Mexican-style fast food chain —SUNDAY, Aug 2 2009— Semiterrestrial organism / Group formed at CCNY in 1910 / Roof of World natives / C&W singer Wooley

Sunday, August 2, 2009

Constructor: Patrick Berry

Relative difficulty: Medium-Challenging

THEME: "Group Formation" — four FRATERNITIES (108A: Four groups found in this puzzle) are located throughout the grid, with their GREEK LETTERS (23A: Contents of four answers found in this puzzle) entered into squares rebus-style (i.e. the whole greek letter, spelled out (or drawn in, if you like), goes into a single square).

[NOTE: applet won't let me write five-letter words in a single square, so some of the GREEK LETTERS are represented below by only their first letters]

Word of the Day: M.I.R.V. [M(ultiple) I(ndependently-targeted) R(eentry) V(ehicles).] (36A: Weapon with many warheads) — n.

  1. An offensive ballistic missile system having warheads aimed at independent targets that can be launched by a single booster rocket.
  2. One of these warheads.

I have this strange feeling that people are going to be divided on this one. I really liked it, but I can people getting frustrated as hell with the GREEK LETTERS, mainly because 99% of the world (maybe more) is not going to be able to get any of the FRATERNITIES except through crosses. This means those GREEK LETTERS are essentially unchecked, i.e. you've got one shot at them — the cross. If you don't know the cross, or can't make something non-nonsensical out of the cross, you're screwed. You're also semi-screwed if you don't have a pretty thorough knowledge of the Greek Alphabet. Most people out there are probably something like me: you know all the GREEK LETTERS, but after Epsilon, you don't know them in order any more. PSI? I know it's out there, maybe near the end. OMEGA's at the end, I know that. Everything else ... well, let's just say I'm glad I do crosswords regularly, as I've seen nearly ever GREEK LETTER as an answer at some time or another.

The FRATERNITIES (and their crosses):

  • 34A: Group formed at C.C.N.Y. in 1910 [Tau][Delta][Phi]
  • 14D: Social reformer Margaret Fuller, to Buckminster Fuller (grea TAU nt) — where I first discovered the theme. Knew it had to be AUNT and so started looked at what letters could be rebused. Saw TAU and put it in. Noticed the cross was a college organization, and knew what I was in for. Didn't think it would be such a struggle.
  • 35D: Mexican-style fast food chain (DELTA co) — this is brutal. DEL TACO is very regional, isn't it? I haven't seen once since I left California (never saw one in southern Michigan or central NY or ... really anywhere since I left CA). Only way I got it was by running through the Greek alphabet (thankfully, DELTA is in the one part of the Greek alphabet I can actually run through).
  • 26D: Meryl Streep title role (So PHI e) — as in "SOPHIE's Choice"

  • 39D: Group formed at Miami University in 1839 [Beta][Theta][Pi]
  • 37A: Roof of the World natives (Ti BETA ns) — another toughie wherein I was rescued by knowing the first five letters of the Greek alphabet in order.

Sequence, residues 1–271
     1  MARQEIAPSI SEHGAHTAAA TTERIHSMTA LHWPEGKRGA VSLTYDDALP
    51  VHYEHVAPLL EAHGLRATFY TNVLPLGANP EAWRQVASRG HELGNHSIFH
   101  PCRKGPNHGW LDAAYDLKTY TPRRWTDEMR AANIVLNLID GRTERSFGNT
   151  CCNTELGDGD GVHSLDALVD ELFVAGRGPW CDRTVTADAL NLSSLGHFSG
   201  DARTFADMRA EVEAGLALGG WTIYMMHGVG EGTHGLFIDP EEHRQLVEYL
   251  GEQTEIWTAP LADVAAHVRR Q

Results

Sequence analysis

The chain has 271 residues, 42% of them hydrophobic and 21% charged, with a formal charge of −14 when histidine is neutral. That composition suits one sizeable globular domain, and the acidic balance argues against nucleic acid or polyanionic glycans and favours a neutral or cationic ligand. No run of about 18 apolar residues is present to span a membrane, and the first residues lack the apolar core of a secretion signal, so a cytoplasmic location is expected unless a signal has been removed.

• 47A: Accepting bribes (on THETA ke)
  • 50A: 1971 album dedicated to Buddy Holly ("American PI e")

  • 79D: Group formed at Trinity College in 1895 [Alpha][Chi][Rho]
  • 78A: Co-organizer of the Montgomery bus boycott, 1955 (R ALPHA bernathy)
  • 87A: Bavaria and others, once (du CHI es)
  • 91A: Engine attachment (ai RHO se)

  • 93A: Group formed at Howard University in 1911 [Omega][Psi][Phi]
  • 90D: Match played at the local arena (h OMEGA me) — this and TIBETANS are probably my favorite of the rebus answers.
  • 85D: Product with a circular red, white and blue logo (Pe PSI) — seemed like a near-gimme to me, but wife couldn't figure it out easily, so maybe it will trip some people.
  • 86D: Semiterrestrial organism (am PHI bian) — clue threw me for a loop. I went looking for an organism that lived sometimes on earth, sometimes in outer space. I was probably influenced in my thinking by nearby ROMULAN (58D: Pointy-eared "Star Trek" character).

The puzzle is odd both because of the theme answers that are virtually ungettable without the crosses, and because of the small amount of real estate the theme squares take up — just 36 squares! That's below the minimum for weekday puzzles. This opens the grid way up and allows for some really playful and interesting non-theme fill. Probably a bit more popculturey than some people might like, but I'm not some people. Loved the vintage rock and roll of "THE RIVER" (4D: 1980 double album by Springsteen) and Roger DALTREY (87D: The Who's lead singer).

Lots of entertaining TV/movie clues today, with the aforementioned ROMULAN, as well as MO MONEY (64A: 1992 Damon Wayans comedy), EMMA (31D: Novel on which "Clueless" is based), AMNESIAC (106A: Jason Bourne, in the Bourne series), LONI (13D: Actress Anderson), and TONTO (115A: Jay Silverheels role). What's most impressive to me, though, are the long Downs that cascade down this puzzle. The kooky-sounding BAILIWICKS (69D: Areas of expertise) and RIPPLIEST (29D: Most corrugated) offset by the more common but no less lovely YOUR HONOR (61D: Term for a judge) and ASKS AROUND (12D: Gets several views). The whole puzzle is expertly and smoothly filled throughout. But it's Patrick Berry at work here, so no big surprise.


  • 31A: Fictional Plaza Hotel resident (Eloise) — I remember "ELOISE" from my childhood. The illustrations were wonderful, especially the ones with the giant cutaways of the building where you could see the paths she took running around the hotel. I also remember that her nanny had a huge rear end (can't find a decent pic, but see p. 19 if you've got the book; nice profile view). Kind of like Mrs. Pigglewiggle (another literary figure from my childhood ... what is it with my childhood and big-assed fictional women? I'll ask my mom when she gets back from Iceland).
  • 45A: Given an eyeful, you might say (maced) — that's just a great clue.